This era of marine and other natural resource crises has initiated a search for alternative approaches to the evident failures of resource assessment and management practices. For instance, this was one of the lead agenda concerns treated throughout the United Nations’ 1992 Conference on Environment and Development. The resulting RIO Declaration, and in particular Agenda 21, acknowledged the failures of the prevailing assessment and management practices, recommending that nation-states develop ways and means for incorporating local user communities and their experiences in resource management policies and decisions. With global initiatives such as Agenda 21 considerable effort was energized in the search for resource management alternatives. As a result, existing ideas and proposals such as resource co-management, co-operative management, and community-based management were received more favourably in the halls and forums of political and governance decision-makers. Attention was soon paid to identifying specific qualities of local resource users’ experiences and knowledge that might productively inform resource management, while also providing local users with substantial ‘voice’ in shaping new management policies and practices.

The proposed research employs a social research and fisheries science collaboration to study systematically Local Ecological Knowledge (LEK) and its core constituent elements within Atlantic Coast Nova Scotian settings. The research is positioned to employ a unique, multi-faceted LEK data base as its point of departure.

These data were gathered through two independent research programs, one working with small boat fish harvesters in Northeastern Nova Scotia’s Chedebucto Bay and another focused on Nova Scotia’s Atlantic inshore and coastal ecosystem. The latter program in part employed a research design and methodology that was developed through the course of the former’s research processes.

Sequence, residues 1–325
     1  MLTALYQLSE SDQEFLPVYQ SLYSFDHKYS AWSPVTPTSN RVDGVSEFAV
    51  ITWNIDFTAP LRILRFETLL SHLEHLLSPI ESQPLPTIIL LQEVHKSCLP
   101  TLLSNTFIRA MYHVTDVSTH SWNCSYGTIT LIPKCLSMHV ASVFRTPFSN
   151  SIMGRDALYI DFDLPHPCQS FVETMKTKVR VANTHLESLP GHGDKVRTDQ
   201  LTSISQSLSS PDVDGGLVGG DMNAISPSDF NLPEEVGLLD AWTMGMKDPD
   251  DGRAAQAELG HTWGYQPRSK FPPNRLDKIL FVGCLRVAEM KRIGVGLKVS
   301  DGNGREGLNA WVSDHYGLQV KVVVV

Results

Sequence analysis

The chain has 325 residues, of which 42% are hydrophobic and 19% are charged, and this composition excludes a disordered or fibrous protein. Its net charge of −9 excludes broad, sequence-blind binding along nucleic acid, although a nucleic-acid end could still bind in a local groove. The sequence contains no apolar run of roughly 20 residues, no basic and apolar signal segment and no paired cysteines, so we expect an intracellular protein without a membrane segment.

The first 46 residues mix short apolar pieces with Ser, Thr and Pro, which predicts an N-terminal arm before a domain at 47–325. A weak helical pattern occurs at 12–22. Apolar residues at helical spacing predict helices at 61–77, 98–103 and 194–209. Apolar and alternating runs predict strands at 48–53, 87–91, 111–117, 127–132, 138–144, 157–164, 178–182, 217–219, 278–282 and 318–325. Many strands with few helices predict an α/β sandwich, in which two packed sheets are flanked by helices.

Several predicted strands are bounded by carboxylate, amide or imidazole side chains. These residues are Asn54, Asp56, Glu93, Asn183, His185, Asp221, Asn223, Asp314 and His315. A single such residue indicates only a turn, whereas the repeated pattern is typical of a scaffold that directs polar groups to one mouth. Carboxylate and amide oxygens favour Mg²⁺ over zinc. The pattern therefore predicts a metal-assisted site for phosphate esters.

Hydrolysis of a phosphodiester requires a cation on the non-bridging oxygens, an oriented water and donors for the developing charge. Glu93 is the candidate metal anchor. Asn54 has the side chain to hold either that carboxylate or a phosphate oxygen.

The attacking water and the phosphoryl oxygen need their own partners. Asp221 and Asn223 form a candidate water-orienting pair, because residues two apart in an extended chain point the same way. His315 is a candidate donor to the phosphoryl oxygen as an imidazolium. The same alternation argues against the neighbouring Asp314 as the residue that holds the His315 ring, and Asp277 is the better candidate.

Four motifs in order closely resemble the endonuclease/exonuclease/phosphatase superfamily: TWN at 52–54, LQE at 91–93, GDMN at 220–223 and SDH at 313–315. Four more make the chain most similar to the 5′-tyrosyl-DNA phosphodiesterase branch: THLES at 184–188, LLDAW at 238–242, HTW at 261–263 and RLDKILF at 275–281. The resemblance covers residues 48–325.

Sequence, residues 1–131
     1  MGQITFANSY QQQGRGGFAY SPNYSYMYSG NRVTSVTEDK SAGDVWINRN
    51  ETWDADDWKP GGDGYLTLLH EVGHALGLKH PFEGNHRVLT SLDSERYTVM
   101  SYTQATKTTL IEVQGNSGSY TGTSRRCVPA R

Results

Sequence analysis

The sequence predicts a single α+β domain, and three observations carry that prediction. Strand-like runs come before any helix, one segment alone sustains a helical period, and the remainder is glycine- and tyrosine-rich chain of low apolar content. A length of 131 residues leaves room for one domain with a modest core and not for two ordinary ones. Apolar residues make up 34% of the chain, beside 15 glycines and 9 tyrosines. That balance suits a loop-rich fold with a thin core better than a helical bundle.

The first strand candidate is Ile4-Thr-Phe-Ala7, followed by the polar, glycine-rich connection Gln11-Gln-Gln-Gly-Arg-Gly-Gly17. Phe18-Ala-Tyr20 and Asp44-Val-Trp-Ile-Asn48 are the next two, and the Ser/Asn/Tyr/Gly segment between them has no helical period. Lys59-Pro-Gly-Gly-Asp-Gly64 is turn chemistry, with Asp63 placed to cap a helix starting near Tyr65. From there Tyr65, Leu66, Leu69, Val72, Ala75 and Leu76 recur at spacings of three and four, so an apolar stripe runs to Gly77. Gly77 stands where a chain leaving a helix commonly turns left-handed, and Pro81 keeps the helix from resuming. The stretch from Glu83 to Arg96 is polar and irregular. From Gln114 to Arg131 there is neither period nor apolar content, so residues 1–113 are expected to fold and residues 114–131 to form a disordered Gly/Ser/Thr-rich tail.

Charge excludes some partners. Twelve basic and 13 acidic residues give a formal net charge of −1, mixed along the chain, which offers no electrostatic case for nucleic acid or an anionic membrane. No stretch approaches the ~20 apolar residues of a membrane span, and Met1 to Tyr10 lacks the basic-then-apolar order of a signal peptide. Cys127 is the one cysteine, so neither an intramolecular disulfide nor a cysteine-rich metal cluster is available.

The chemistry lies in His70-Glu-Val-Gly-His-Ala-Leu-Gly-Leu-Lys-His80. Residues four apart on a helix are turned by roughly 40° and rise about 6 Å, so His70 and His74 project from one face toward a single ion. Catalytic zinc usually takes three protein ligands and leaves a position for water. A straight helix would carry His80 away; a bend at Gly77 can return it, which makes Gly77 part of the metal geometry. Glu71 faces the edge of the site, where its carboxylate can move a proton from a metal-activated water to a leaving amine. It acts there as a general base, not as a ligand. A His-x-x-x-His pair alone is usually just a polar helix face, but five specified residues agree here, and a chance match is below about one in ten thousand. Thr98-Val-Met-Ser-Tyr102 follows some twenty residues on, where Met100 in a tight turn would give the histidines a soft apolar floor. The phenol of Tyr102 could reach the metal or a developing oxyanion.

The proposed research will enable the unique opportunity to merge these existing LEK data into one comprehensive body of systematically gathered information, thereby establishing the capacity for controlled comparative analyses. Additionally, the proposed research will extend and enrich these data through in situ field observations and interviews with peer recommended LEK experts within selected sites.

Specifically, the proposed research will address the following questions:

  1. What is the extent to which LEK claims are verifiable through direct observation and testing?
  2. What are the qualities of LEK (e.g., spatial distribution, seasonal occurrence, species habitats, and species relationships) which provide detailed and reliable understandings?
  3. What is the ‘ecological’ content of LEK?
  4. What are the essential elements in the design and conduct of LEK research necessary to generate reliable and replicable representations and understandings?
  5. What social and cultural processes likely explain commonalities and unevenness in LEK?
  6. What are the qualities of LEK evidence essential for positively informing natural resource management policies and empowering resource users with management authority?

This research will contribute to:

  • theoretical and conceptual understandings of LEK
  • LEK research design and methodological considerations through refinement and extension of an established research process;
  • national and international LEK research analyses, understandings, and literature; and,
  • the debates and proposals concerning LEK and natural resource management policies.

This research project is a joint effort between Mount Saint Vincent University and the Department of Fisheries & Oceans (Government of Canada).